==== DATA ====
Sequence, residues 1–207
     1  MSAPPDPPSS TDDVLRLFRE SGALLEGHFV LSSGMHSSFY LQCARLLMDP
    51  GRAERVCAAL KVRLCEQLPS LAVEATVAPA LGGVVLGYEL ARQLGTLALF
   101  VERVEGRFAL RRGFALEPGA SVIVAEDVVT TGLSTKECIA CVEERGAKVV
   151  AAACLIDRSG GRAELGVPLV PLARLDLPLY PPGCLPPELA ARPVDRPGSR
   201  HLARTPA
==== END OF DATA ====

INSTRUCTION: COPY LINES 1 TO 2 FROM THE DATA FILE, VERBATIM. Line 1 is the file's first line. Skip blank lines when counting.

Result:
Sequence, residues 1–207
     1  MSAPPDPPSS TDDVLRLFRE SGALLEGHFV LSSGMHSSFY LQCARLLMDP